Dewy Mushrooms

A dewy forest of moons,
a multitude of mushrooms,
soaks in the weight of dawn.

It’s snowing spore confetti,
cheerful colour splashes:
crimson, ochre, cream and rust.

Puffballs and parasols,
ink caps and champignons,
frilly-gilled and plump of flesh,

a festival of fungi sprouting earthy fresh.

Kim M. Russell, 9th February 2021

gray mushrooms at daytime

My response to dVerse Poets Pub Poetics: Let’s have fun, guys!

Sarah is back for Poetics with a book called Entangled Life by Merlin Sheldrake, which she recommends as a fascinating look at the world of fungi.

She says that fungi are our secret companions, facilitating growth and communication between trees in forests, producing chemicals used as drugs (medical and hallucinogenic), able to find the shortest route through mazes, as well as making a risotto even more delicious. They also have their place in our culture – think of hobbits, pixies, fairies, Mario and Alice in Wonderland.

Sarah has shared poems by Simon Armitage, Sylvia Plath and Charles Wright to inspire us to write poems and have fun with fungi.

Image by Amy Humphries on Unsplash

46 thoughts on “Dewy Mushrooms

  1. I love the spore confetti, and those colours – so joyful! It’s nice to fungi being fun – they are often given a sinister edge. I like those names, as well. You could do a great found poem just with fungal names.

    Liked by 1 person

    1. Thank you, Sarah. Many years ago, before teaching, I was PA to the founder of New Scientist. He was a fungus fanatic, He knew everything about them, and he kept promising to take me mushroom foraging. Sadly it never happened and he has since passed away. I may never get that chance again.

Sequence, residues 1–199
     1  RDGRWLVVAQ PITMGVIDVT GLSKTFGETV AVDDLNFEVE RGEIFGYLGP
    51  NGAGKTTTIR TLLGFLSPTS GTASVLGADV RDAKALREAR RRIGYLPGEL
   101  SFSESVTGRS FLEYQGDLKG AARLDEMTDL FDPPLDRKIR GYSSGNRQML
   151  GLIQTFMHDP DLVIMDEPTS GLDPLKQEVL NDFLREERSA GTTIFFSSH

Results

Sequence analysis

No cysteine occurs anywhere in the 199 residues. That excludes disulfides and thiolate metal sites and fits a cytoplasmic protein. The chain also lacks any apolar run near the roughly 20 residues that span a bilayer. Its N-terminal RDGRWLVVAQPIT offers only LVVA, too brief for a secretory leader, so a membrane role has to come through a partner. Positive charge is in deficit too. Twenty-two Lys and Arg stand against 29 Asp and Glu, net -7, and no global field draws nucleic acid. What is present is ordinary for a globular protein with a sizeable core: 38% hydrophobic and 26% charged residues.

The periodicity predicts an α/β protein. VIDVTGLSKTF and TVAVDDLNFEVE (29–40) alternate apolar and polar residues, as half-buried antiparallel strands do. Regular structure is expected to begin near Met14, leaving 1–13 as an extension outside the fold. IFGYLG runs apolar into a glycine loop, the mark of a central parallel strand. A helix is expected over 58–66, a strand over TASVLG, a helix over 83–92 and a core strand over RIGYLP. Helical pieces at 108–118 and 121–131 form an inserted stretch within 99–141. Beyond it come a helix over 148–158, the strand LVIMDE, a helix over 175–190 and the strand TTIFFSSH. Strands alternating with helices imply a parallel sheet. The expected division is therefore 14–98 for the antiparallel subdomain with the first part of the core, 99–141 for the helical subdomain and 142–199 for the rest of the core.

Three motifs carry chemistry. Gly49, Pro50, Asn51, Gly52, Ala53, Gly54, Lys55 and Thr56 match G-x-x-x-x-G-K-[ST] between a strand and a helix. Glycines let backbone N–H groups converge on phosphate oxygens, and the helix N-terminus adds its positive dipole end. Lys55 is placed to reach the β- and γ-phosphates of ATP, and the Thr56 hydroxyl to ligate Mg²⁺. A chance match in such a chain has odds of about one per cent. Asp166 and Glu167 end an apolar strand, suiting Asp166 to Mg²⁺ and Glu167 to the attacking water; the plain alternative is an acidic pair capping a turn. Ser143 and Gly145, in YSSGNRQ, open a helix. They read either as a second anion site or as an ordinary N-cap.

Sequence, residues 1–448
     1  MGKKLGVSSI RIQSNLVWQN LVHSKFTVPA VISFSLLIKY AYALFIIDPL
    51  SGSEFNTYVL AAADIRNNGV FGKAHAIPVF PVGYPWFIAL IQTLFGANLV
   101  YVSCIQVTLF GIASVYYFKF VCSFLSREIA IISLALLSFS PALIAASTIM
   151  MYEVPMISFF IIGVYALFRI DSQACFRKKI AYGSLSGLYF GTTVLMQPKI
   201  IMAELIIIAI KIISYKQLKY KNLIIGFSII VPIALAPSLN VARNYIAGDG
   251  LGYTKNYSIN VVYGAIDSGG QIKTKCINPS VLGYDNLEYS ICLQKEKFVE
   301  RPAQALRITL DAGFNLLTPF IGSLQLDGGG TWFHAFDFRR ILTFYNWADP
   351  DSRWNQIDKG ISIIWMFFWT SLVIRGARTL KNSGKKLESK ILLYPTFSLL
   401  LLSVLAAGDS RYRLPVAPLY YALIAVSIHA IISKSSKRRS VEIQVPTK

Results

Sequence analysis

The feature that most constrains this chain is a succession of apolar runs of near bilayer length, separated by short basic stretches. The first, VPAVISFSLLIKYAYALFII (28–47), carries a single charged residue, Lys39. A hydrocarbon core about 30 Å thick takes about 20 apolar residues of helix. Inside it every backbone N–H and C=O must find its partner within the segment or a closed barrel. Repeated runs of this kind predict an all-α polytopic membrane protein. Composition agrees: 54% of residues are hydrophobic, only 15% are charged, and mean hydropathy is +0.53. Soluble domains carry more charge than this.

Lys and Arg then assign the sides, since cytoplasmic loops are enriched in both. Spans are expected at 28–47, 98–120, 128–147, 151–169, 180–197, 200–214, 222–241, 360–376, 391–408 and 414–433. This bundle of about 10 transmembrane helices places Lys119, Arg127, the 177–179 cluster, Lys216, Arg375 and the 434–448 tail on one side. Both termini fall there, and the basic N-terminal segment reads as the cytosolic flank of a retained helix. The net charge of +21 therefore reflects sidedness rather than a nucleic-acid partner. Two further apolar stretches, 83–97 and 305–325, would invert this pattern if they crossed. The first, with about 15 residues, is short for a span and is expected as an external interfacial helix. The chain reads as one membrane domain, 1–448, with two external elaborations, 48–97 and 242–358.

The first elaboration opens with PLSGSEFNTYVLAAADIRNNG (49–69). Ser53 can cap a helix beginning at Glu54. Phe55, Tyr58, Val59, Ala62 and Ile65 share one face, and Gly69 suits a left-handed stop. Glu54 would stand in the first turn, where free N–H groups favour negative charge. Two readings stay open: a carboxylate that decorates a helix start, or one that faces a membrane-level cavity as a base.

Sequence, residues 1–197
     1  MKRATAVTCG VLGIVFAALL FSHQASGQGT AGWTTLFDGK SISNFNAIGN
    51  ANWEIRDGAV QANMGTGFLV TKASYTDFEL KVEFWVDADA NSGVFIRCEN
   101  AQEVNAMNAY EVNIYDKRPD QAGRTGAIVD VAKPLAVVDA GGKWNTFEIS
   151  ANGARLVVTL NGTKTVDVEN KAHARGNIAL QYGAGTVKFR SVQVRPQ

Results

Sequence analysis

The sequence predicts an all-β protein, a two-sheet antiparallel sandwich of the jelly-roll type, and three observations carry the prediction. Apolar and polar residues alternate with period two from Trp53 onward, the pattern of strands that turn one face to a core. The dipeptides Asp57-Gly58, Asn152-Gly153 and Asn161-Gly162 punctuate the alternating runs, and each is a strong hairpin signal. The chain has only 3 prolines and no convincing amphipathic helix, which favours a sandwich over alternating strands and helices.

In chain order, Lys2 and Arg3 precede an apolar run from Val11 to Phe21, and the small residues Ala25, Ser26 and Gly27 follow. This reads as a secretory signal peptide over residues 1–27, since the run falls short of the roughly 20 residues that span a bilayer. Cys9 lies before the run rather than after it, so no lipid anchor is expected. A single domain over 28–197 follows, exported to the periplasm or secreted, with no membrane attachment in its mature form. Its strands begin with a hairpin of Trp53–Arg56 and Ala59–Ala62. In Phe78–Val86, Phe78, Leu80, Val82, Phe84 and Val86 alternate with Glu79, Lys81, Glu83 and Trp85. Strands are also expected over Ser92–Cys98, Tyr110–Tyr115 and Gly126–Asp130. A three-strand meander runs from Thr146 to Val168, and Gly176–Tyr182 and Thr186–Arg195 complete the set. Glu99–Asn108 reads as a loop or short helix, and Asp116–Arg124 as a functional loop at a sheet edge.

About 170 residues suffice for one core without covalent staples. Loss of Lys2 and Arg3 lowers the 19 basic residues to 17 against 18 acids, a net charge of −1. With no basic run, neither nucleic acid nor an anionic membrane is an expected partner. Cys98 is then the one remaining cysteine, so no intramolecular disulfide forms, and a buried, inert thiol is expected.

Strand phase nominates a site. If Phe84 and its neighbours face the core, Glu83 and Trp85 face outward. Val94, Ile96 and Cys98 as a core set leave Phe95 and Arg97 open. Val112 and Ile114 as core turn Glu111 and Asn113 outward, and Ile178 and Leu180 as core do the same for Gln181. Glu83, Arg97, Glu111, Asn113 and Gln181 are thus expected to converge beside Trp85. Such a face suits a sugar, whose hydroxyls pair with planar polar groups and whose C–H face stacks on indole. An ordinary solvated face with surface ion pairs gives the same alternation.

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  2. I’m partial to the button mushrooms. Love then sauteed in butter and worcestershire over steak! YUM Your poem, by the way, was equally palatable!

    Liked by 1 person

  3. You really put the fun in fungi here, Kim! I felt like I was really here at such festival, especially in these lines:

    “Puffballs and parasols,
    ink caps and champignons,
    frilly-gilled and plump of flesh,

    a festival of fungi sprouting earthy fresh.”

    Something so surreal and fun in these lines, maybe it’s the rhythm too, but it flows so well and it’s very festive! Beautiful work.

    Liked by 1 person

  4. So whimsical and beauteous, with wonderful word-smithing (already noted). This one made me smile. My grandfather was a woodsman, and he knew his mushrooms. Many a time we cooked fresh trout, laced with bacon greased mushrooms.

    Liked by 1 person

  5. Wonderful Kim, and I really liked the rhyme of your two closing lines. I am sharing this interesting fact today: A “Armillaria Ostoyae” mushroom, in the Malheur National Forest, in the Strawberry Mountains of eastern Oregon, was found to be the largest fungal colony in the world, spanning an area of 3.5 square miles (2,200 acres; 9.1 km2).

    Liked by 1 person

  6. This took me back to a childhood where my sisters and I enjoyed kicking puffballs to see the spores disperse. We also liked to collect mushrooms for cooking and knew which ones were ok to take. Sometimes we would stumble upon ‘fairy rings’ on our ramblings. This all took place on our childhood farm of 500 acres so there was plenty of room to forage.

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